Bloomberg Law
Feb. 16, 2023, 9:00 AM

Pay Attention to State Pay Transparency Laws When Posting Jobs

Ashley Dillon
Ashley Dillon
Molly Keppler
Molly Keppler

As the workforce and lawmakers push for advancements in employee rights, employee-friendly regulations are popping up across the US.

Several states and localities have enacted pay transparency laws, typically requiring employers to disclose pay ranges and benefits information in job postings. By making pay and benefits public information, these laws are paving the way for pay equity.

State Trends

Colorado was the first jurisdiction to enact wage transparency legislation in 2021. Its law requires employers to list salary ranges and a description of general benefits on job advertisements for positions that could be filled in Colorado, including jobs that could be done remotely in the state.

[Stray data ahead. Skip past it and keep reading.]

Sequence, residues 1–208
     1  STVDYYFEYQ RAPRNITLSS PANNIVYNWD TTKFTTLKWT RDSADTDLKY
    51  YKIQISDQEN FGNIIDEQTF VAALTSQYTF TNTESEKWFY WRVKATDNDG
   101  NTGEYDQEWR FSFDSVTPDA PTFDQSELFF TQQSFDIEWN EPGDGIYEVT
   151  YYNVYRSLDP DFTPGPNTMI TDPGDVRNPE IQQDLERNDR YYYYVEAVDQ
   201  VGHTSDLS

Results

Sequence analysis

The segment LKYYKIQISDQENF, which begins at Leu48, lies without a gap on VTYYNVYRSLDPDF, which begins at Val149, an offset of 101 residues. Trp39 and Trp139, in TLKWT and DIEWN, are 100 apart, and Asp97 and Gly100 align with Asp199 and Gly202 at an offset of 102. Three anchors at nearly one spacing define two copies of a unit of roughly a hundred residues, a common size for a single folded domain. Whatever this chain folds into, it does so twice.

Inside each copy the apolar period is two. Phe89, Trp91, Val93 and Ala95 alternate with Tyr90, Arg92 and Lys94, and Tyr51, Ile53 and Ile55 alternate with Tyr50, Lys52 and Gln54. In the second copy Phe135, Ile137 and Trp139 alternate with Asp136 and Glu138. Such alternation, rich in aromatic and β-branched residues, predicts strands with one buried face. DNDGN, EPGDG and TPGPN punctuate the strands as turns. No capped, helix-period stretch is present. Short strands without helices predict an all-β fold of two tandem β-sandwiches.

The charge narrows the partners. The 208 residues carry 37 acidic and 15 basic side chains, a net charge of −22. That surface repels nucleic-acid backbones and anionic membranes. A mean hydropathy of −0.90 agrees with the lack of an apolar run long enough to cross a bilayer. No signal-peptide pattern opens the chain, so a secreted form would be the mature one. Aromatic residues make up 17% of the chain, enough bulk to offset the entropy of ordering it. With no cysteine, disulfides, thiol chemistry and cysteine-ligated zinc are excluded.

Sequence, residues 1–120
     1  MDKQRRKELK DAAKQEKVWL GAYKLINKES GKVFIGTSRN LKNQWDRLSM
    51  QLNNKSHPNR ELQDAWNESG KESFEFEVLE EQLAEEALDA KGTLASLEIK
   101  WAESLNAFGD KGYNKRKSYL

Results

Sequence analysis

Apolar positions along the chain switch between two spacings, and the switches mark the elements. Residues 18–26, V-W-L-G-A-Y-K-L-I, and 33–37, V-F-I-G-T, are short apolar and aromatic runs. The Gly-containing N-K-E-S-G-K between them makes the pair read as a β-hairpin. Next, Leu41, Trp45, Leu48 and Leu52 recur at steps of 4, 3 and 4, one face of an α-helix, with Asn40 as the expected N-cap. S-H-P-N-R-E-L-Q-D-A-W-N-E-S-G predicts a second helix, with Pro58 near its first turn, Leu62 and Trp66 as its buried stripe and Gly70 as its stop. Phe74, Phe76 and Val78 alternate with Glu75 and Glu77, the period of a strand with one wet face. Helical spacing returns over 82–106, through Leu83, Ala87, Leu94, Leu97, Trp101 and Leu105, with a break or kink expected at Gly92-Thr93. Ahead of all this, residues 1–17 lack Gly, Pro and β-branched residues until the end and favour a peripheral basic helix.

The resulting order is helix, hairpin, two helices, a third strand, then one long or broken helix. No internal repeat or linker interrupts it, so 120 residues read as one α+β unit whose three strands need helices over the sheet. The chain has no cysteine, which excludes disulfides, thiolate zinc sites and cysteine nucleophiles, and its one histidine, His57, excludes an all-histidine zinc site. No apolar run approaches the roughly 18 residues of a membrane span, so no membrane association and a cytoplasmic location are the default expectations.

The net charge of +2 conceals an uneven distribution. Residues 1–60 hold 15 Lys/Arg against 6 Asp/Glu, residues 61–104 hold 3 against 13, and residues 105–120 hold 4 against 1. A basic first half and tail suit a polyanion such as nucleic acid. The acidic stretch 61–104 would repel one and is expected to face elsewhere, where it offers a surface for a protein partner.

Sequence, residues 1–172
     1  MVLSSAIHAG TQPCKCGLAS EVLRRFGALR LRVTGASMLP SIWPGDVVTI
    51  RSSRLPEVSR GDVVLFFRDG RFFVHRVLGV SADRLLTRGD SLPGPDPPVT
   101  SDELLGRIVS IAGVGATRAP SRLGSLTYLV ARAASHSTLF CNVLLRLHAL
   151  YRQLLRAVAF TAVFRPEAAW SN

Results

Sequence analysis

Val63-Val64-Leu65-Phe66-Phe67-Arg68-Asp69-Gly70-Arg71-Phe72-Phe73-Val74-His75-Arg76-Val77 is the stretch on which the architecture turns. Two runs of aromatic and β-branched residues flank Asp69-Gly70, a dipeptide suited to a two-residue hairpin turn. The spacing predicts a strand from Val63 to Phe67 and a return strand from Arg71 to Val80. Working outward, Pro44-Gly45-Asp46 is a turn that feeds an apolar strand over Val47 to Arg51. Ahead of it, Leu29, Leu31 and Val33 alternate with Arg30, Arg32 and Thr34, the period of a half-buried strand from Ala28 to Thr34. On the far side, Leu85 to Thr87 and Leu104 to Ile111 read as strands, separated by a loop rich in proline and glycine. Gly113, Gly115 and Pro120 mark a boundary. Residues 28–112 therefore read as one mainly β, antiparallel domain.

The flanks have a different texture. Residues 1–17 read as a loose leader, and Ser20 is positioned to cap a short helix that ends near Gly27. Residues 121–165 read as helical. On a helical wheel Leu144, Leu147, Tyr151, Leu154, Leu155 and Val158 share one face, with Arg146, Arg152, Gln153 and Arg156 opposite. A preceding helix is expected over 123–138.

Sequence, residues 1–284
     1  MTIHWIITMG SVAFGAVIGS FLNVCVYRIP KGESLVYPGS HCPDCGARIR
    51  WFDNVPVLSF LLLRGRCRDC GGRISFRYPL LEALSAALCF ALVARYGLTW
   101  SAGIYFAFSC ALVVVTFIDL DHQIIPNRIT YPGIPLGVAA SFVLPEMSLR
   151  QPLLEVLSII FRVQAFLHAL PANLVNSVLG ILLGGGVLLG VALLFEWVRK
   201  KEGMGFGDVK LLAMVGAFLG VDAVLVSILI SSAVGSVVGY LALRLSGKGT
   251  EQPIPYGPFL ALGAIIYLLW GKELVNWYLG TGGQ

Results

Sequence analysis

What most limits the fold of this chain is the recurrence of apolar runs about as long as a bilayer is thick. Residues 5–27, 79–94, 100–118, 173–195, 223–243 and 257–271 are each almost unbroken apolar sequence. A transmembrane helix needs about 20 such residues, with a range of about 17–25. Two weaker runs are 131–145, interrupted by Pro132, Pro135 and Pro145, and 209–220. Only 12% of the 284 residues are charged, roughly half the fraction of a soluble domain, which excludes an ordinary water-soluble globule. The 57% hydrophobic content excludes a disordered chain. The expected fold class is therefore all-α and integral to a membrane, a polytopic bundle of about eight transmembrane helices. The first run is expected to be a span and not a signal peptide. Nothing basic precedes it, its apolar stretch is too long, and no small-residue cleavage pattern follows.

Since then, at least 14 states and localities have followed, most recently in California, Rhode Island, and Washington, each enacting laws that took effect on Jan. 1, 2023.

In California, employers with 15 or more employees must include a pay scale for external job postings for applicants who are not current employees. This includes listings on the employer’s hiring page and advertisements provided on third-party websites like Glassdoor or LinkedIn.

California’s law also contains recordkeeping and reporting requirements. Employers must maintain a record of job titles and wage history during each employee’s employment and for three years after termination.

Additionally, private employers with over 100 employees must file an annual pay data report with the state civil rights department.